>Players: Choosing a role

>Author’s Note: This article is intended primarily for a few friends of mine who have expressed an interest in joining in the game I’m planning for this Halloween season. I hope that you all enjoy yourselves tremendously, and offer this in the hope that you’ll be able to think a little bit about what sort of role you might want to play for the game. Enjoy!

RPG’s (“Role-playing Games” for those who are just joining us) typically divide a team of characters into four types of basic roles. These roles could be filled in any number of ways, but they offer some generalizations that might prove useful. While primarily of use in combat, they also have certain implications in non-combat situations. Each one complements the others in particular ways, and together they make teamwork amazing. 

The four roles can be expressed a number of ways. Since the game I’m running is 4th Edition D&D, I’ll use their terminology – it works very well. The four basic roles in combat are:

Defender, Striker, Leader, Controller.

Here’s a brief overview of each one and why it’s important – and why you might enjoy playing one.

Defender: Some people refer to this role as the “Tank,” or the “Brick,” depending on genre conventions. Basically, this is a character who is built to take a hit and keep hitting back. Heavy armor that actually protects his/her body, and possibly even a shield are hallmarks of this role. The Iconic defender is our idea of the “Knight in Shining Armor” with a shield and sword. In D&D, there are many kinds of defenders, including the Fighter, Knight (a special kind of fighter), and Paladin.

A defender’s job in a fight is to draw the attention of any enemies, and keep it. They stand out in front, shielding their squishier allies – like the controller – from harm. Or, as Shelly Mazzanoble, “Player-in-Chief” at Wizards of the Coast and author of Confessions of a Part-Time Sorceress, “The [defender] is the first into battle, the one who yells “Stand back!” before realizing that the rest of you have already locked yourselves in the bathroom.”

Defenders endure. It’s what they do, and it’s what they’re good at. They’re often strong physically as well as athletic, and since they have to keep the attention of multiple foes, they’re pretty good at multitasking.

If you’re the kind of person who likes the idea of protecting your friends from harm by drawing it on yourself, or who doesn’t mind being the center of attention, you might enjoy playing a defender.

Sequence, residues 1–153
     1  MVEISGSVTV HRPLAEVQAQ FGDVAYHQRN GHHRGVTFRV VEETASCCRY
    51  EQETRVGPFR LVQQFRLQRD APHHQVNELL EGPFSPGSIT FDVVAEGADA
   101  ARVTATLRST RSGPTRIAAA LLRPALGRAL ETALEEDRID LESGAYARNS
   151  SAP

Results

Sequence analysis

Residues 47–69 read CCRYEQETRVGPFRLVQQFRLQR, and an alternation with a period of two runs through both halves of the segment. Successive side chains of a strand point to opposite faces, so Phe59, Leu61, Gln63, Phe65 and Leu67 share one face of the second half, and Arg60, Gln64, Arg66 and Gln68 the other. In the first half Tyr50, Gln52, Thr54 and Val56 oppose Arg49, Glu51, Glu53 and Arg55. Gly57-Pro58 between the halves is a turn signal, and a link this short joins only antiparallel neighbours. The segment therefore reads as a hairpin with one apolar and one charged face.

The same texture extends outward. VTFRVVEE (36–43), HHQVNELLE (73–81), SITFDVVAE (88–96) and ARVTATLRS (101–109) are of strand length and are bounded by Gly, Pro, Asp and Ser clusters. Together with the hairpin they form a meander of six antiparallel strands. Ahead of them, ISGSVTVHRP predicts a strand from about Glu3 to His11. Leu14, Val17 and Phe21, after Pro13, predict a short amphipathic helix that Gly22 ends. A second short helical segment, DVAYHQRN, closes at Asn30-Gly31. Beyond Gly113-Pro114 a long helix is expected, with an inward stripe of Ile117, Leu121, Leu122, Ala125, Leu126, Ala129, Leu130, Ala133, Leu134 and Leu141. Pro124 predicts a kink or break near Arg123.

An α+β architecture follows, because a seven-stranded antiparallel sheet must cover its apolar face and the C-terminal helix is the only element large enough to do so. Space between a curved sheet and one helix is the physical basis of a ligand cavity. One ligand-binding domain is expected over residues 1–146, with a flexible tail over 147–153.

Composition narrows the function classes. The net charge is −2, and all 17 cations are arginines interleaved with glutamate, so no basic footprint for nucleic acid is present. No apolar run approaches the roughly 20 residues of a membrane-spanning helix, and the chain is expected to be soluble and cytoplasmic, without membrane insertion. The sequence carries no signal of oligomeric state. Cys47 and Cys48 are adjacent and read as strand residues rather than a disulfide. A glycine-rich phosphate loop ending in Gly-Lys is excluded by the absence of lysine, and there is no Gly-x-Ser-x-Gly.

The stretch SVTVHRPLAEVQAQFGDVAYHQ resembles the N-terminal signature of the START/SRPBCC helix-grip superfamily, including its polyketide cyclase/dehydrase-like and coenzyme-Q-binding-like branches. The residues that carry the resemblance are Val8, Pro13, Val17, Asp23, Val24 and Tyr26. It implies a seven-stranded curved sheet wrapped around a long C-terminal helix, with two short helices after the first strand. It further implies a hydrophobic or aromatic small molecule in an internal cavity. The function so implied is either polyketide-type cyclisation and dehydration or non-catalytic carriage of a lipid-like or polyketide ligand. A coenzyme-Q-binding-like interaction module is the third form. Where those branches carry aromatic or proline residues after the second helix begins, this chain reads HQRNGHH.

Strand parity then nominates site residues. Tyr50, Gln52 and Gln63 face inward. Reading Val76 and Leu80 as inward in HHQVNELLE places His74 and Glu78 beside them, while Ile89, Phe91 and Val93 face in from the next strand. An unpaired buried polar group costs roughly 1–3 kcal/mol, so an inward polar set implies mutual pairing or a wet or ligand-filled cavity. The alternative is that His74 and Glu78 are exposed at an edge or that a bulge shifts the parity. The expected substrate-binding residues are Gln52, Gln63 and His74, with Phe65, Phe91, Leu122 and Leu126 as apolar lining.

Striker: Strikers are focused. In combat, they target a single opponent and hit as hard as they can, aiming to defeat that foe as quickly as possible before moving on to the next one. They’re also often tricky, approaching a problem – or a monster – from unique angles in an effort to keep from being targeted themselves. Most strikers use agility, stealth, or magic to avoid becoming the targets of groups of monsters, since they often can’t take a hit nearly as well as they dish it out. That’s what the defender is there for, after all!

Most strikers, like the Ranger, Thief or Rogue, are lightly armored – and armed – in materials like leather, with a much greater emphasis on mobility than on actual protection, per-say (I’d go so far as to say that most ‘fantasy armor’ for female characters places them firmly in this category). However, some rare strikers, such as the Slayer build of Fighter, can wear much heavier armor and may carry massive weapons, like the Greatsword, while the Warlock is an iconic striker who uses spells to defeat her foes. In other words, strikers, like most other roles, come in all shapes, sizes, and styles of dress.

Examples from literature might include Legolas, Batman, Severus Snape (actually most of Hogwarts, now that I think about it), Red Sonja, Electra, and most of the Femme Fatales who show up in spy movies. For that matter, James Bond.

If you see yourself as the type who likes to break problems into manageable chunks and deal with them one at a time, like high numbers, have unresolved anger issues, or enjoy having unexpected tricks up your sleeve, then you might enjoy playing a Striker.